Fascinating rhythm

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“Oh, I’ve never heard a pulse like that before,” said the nurse. The words sounded ominous, but the nurse’s tone was cheerful. It seemed unlikely that she would deliver my death sentence in a perky clip.

“Most people’s pulses are boring, DUN-dun, DUN-dun,” she went on. “Yours is da-DUHN, da-DUHN.”

“Very bluesy,” I agreed.

A few minutes later: “You’ve got low blood pressure, though. Has anyone ever told you that?”

“No.” Though it would explain why I’ve been feeling dizzy and faint lately. I went home that afternoon to read through the information about a prescription drug I’d started a few weeks back, and sure enough, lowered blood pressure turned out to be one of its many effects. There was no mention of funky rhythms, however.

High blood pressure is a pretty common problem, but I didn’t know much about low blood pressure. I poked about online for a bit and determined that low blood pressure is not generally a bad thing, unless it kills you.

That evening I got a call from a different medical professional. The vet was calling me with the results of Bubby’s lab work.

Beelzebub is my thirteen-year-old lazy tom cat. Beelzebub is also the epitome of all evil in the Christian worldview, but I’m not the one who named the cat, don’t blame me. I’d hauled him to the vet (the cat, not the devil) the week prior to have them look at some gunk in his ear. They gave me some goo for the ear infection and brought Bubby up to date on his shots.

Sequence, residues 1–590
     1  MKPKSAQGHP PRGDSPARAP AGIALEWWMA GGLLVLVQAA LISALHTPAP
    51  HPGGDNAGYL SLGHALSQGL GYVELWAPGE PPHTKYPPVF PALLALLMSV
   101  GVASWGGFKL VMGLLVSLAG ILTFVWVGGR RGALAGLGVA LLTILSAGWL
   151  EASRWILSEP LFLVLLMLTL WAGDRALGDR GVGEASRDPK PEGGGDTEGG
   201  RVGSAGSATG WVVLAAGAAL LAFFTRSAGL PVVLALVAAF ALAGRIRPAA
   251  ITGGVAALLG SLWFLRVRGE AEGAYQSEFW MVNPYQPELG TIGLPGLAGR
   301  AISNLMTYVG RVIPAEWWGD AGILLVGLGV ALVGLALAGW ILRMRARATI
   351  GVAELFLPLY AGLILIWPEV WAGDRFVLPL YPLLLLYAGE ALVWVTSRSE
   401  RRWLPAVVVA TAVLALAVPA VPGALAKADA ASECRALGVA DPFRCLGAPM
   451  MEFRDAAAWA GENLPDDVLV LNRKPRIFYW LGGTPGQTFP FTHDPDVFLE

“But I’m worried about his weight loss,” said the vet. “Two pounds in sixteen months is a lot.”

Maybe, I thought, but he’s aging. It’s normal. And he’s always been hefty. This is a cat who can afford to drop some weight.

But still, I ponied up for some tests, to find out of something sinister was at play.

Three hundred and twenty four dollars later, the vet called back. “He’s fine.”

“Fine?”

“Absolutely fine. Completely healthy.”

Wretched beast. I paid how much money to find out there’s not a single thing wrong?

“As for his weight, maybe you could start feeding him treats or canned cat food.”

Well that’s just dandy. Next time I go to a human doctor, I want him to tell me to start snacking more.

So I’ve been introducing Bubster to new culinary delicacies. He loves them. He loves them so much he yakked them back up on a pillow. I tried cleaning it but the water penetrated it pretty far, so now I have a mildewed body pillow.

Ah well, time for a new one, I guess. This time I think I’ll opt for the body pillow with a removable cover slip.

It can double as a shroud if I drop dead from my low-key jazz pulse.

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2 responses »

  1. Cat medical advice is great, I wish it applied to people. When our old cat was diagnosed with heart disease (as the cause of his weight loss) we were told to feed him as much cheese and deli meat as he could eat.

    Reply
  2. *facepalm* about the vet bill. And the body pillow. :/Ian has low blood pressure, too. If he starts feeling woozy, we go get some fries and he loads them with salt and nomnomnoms and generally feels better. Oh, and roller coasters pose a problem – especially Griffon at Busch Gardens. The steep fall seems to do something to make him nearly pass out mid-ride. :X lol

    Reply

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